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Picnic Wines

I was recently thinking as I tried and failed to make a bottle of luke-warm Champagne stand up-right amongst the dirt and detritus of a Hampshire forest floor how different peoples’ definition of a picnic must be.

It has been the year of the picnic more than any other perhaps and even though the Equinox is upon us it appears that the threat of not meeting indoors may give the picnic a lease of life, long into the autumn.

For my parents and us growing up, a layby on the A303 high up on Bodmin Moo,r on the way to the annual family holiday on the beautiful Lizard Peninsular was a favourite spot. The cuisine consisted of a hot drink that may have been coffee or tea, difficult to tell when decanted from the impossible to clean Thermos flask. That was for the adults. For the kids a carton of Umbongo. It tasted of regurgitated mango and disappointment but they drank it in the Congo and that was good enough for us. To follow, an attempt to force down last Sunday’s roast beef between two slabs of questionably moist bread. The bovine betwixt was cold, congealed and tasting largely of the blackening banana with which it had to spend the last six hours sweating into a hessian bag. There followed a valiant attempt to wolf down a packet of Wotsits before the bag was torn from your hands by the ripping Easterly wind that would invariably be tearing across the moor. For dessert an apple. Never was a young man so grateful for the simple Granny Smith.

Now, I have seen how others picnic. I was once the recipient of a generous ticket to the opera at Glyndebourne. We went for it; dressed in black tie and took warmed, artisan pork pies (cold by the time we ate), chilled 1er Cru Chablis (warm by the time we ate). Posh olives, from a Deli not Tesco, and English strawberries, of course.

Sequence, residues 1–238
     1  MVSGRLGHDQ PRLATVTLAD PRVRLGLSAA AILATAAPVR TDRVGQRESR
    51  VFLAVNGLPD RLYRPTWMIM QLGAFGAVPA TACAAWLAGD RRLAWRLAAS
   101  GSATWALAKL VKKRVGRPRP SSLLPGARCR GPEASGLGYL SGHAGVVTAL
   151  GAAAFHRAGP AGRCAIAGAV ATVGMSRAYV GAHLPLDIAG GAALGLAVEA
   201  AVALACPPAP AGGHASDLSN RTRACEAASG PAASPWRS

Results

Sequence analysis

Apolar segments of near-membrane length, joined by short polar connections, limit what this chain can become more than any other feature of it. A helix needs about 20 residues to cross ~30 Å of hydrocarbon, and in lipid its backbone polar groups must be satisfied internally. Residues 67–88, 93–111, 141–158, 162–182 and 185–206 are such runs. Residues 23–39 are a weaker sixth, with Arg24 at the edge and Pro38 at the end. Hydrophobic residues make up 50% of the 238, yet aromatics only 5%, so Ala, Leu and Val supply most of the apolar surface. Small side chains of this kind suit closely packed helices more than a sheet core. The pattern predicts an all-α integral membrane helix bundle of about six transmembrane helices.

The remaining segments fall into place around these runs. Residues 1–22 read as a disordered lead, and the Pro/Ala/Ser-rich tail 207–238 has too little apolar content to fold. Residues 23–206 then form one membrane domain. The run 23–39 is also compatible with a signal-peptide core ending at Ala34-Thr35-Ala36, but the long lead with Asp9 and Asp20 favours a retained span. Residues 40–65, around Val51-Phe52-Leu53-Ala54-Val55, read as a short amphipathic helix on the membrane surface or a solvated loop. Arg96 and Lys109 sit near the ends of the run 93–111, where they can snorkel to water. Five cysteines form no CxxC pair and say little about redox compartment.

A fat, hairy man sang in Italian, a pretty girl died and some of us understood it and most of us did not but we all got very drunk and roared our approval and we all shared in the concept of the picnic.

Some had tables, furniture, Ice buckets, shellfish, caviar, strawberries and, seriously, a butler! Some had warm white wine and cold sausage in pastry. We all had fun and I encourage you to dig out your picnic blankets and do the same. While you still can.

 

Drink these:

JL Wolf Villa Wolf Riesling 2018, Pfalz GermanyPerfect, quenching, limey stuff for the outdoors, screwcap and all. But, if you can’t keep it cold then don’t bother. Drink red instead. £11.95

Philip Shaw The Wire Walker Pinot Noir 2018, Orange, AustraliaPerfect picnic Pinot. Plenty of fruit, light of touch, screwcap and all for 12.8bv. Chill before you leave the house. £16.95

Pfaffl The Dot Austrian Cherry Zweigelt, Austria13%abv screwcap and full of fruit, zest, zing and zap. Crunchy red fruits, delectable. Perfect picnic stuff. £13.95

 

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